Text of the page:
Emancipation Park and NMAAHC are sustaining legacies of freed people – past and present – that represent the cornerstones of the Black community. This legacy includes individuals identifying a challenge – a dedicated place to honor Black history – that cannot be blocked or rescinded. Black leadership, in choosing the land and raising the funds for these facilities, while understated, must be acknowledged. Courage to purchase the land and dedicate it to ensure our Black history lasts beyond any of our lifetimes should be commended.

Foresight and planning are the words that come to mind with the impactful example of pooled giving. We see this legacy in churches that donate land to communities for affordable housing and with families and individuals in the form of giving circles and other types of pooled giving. While Emancipation Park is a well-known story of collective philanthropy there are many other examples across the South within the Black community. In Necole’s first giving video I talk about how her maternal ancestors purchased land and dedicated parcels for a school and a church. Six generations later both are still standing strong.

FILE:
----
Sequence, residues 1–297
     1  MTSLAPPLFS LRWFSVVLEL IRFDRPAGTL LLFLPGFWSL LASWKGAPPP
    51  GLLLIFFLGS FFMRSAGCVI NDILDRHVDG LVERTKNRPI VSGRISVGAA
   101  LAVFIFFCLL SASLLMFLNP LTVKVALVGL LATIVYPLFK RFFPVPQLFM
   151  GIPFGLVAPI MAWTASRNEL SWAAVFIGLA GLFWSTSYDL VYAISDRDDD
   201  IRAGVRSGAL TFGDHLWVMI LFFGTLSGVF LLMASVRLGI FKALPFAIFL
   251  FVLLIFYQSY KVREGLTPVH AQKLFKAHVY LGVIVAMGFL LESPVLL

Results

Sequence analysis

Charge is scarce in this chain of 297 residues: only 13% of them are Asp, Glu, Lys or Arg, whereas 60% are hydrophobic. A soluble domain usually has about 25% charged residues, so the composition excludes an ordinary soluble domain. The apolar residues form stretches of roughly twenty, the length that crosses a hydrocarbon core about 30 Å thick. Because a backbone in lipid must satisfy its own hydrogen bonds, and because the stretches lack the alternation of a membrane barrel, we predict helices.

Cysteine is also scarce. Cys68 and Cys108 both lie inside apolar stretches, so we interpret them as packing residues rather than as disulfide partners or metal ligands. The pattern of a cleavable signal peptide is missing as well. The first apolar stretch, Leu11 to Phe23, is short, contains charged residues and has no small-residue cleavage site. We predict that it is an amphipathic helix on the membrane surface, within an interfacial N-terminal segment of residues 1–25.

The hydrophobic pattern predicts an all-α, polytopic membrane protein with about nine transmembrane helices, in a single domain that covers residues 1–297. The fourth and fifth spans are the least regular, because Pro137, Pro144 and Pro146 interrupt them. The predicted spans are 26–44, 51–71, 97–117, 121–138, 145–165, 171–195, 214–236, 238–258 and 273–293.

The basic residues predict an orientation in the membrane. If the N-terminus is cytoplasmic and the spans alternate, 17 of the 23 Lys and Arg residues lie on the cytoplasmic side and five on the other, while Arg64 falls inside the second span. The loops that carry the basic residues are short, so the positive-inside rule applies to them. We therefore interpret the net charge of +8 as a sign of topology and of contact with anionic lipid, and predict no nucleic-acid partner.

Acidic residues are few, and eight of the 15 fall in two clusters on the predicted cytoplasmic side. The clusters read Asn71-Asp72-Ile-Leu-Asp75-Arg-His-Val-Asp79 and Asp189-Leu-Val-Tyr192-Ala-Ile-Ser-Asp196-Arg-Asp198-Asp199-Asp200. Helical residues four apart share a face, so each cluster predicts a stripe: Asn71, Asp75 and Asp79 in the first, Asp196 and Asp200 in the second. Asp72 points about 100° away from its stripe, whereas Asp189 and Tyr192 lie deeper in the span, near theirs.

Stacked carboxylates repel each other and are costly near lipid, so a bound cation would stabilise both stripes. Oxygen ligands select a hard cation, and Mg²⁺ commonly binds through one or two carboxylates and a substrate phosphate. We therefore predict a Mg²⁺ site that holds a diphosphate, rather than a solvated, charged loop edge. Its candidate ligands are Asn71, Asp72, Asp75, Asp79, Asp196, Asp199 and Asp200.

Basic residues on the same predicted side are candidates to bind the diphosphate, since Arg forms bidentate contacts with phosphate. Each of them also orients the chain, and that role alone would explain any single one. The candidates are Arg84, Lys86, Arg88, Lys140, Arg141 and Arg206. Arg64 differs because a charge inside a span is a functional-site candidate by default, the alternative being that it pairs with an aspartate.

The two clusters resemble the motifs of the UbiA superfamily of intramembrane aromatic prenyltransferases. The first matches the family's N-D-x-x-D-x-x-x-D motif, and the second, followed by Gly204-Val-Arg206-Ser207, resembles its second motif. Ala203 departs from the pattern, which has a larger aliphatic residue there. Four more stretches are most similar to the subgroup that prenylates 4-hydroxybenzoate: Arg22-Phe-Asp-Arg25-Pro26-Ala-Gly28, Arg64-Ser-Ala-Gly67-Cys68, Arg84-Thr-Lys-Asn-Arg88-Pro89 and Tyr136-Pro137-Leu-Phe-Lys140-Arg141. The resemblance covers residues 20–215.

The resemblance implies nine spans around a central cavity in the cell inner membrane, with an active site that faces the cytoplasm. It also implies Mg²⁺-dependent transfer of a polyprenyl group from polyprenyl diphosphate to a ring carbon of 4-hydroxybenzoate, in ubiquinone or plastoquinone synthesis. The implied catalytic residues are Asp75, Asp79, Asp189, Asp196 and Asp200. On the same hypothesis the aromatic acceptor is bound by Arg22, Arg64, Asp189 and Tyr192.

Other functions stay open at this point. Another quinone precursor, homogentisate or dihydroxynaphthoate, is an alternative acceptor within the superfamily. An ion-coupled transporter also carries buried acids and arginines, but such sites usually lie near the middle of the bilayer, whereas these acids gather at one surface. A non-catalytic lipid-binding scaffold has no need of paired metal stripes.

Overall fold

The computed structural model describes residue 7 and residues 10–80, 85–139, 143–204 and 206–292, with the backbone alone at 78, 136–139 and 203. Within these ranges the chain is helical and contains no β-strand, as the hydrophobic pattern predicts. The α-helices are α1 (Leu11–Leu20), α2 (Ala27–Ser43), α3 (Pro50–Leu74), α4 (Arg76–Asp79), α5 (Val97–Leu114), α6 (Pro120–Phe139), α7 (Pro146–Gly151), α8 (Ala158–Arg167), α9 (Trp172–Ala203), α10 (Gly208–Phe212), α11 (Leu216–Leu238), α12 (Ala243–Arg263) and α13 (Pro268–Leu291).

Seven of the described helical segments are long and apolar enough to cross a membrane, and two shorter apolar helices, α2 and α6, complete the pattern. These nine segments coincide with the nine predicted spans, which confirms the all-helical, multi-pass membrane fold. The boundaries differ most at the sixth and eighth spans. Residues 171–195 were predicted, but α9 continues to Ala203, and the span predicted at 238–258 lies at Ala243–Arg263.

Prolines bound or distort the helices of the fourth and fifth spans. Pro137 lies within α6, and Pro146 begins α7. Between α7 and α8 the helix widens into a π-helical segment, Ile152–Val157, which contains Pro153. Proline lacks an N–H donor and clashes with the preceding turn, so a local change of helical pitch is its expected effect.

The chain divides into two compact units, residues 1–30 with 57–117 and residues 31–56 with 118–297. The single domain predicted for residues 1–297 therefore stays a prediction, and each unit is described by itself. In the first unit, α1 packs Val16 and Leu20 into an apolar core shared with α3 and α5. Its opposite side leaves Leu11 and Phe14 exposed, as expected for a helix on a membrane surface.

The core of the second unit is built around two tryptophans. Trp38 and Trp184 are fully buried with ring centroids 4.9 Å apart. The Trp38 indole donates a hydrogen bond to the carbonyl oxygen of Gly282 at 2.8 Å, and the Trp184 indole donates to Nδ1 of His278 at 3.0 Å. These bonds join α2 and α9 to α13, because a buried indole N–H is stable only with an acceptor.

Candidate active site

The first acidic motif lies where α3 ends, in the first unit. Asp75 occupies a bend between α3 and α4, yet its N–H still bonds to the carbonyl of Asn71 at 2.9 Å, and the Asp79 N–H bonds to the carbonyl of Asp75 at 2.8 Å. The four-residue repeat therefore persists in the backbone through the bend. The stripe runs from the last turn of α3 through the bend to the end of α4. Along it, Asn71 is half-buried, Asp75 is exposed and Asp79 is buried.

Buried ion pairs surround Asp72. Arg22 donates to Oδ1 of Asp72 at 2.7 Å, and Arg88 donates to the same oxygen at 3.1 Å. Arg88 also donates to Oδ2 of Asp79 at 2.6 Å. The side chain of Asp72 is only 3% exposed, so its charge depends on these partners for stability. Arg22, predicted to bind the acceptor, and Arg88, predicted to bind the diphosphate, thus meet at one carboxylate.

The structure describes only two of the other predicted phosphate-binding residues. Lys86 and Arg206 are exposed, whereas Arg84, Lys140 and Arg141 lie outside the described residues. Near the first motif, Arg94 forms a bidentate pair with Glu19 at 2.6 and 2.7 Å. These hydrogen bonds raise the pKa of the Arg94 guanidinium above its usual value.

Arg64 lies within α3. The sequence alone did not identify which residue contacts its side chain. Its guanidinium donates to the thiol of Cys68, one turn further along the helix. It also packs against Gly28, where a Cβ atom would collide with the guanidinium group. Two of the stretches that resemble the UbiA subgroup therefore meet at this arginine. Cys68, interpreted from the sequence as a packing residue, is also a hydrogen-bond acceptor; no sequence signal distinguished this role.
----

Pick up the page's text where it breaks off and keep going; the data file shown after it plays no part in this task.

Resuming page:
What is the giving legacy in your community? How will it stand the test of time? Today as we celebrate our history and progress in the freedom journey let’s challenge each other to leave a legacy with our giving for the next generation. Loudly share that legacy for the entire world to know!

Leaving a Legacy

Author: Kelli King-Jackson

The day Prince died a little bit of all of us left this earth. Musically, Prince was a staple in my romantic life since adolescence. As a child of the 90’s I knew the re-imagined star. The one who fought to get free legally and financially from record labels. Prince was an example of how millennials could show up in the workplace, especially artists. My artistic friends read books about contracts and copyright as they sought to protect their gifts from the corporate machine.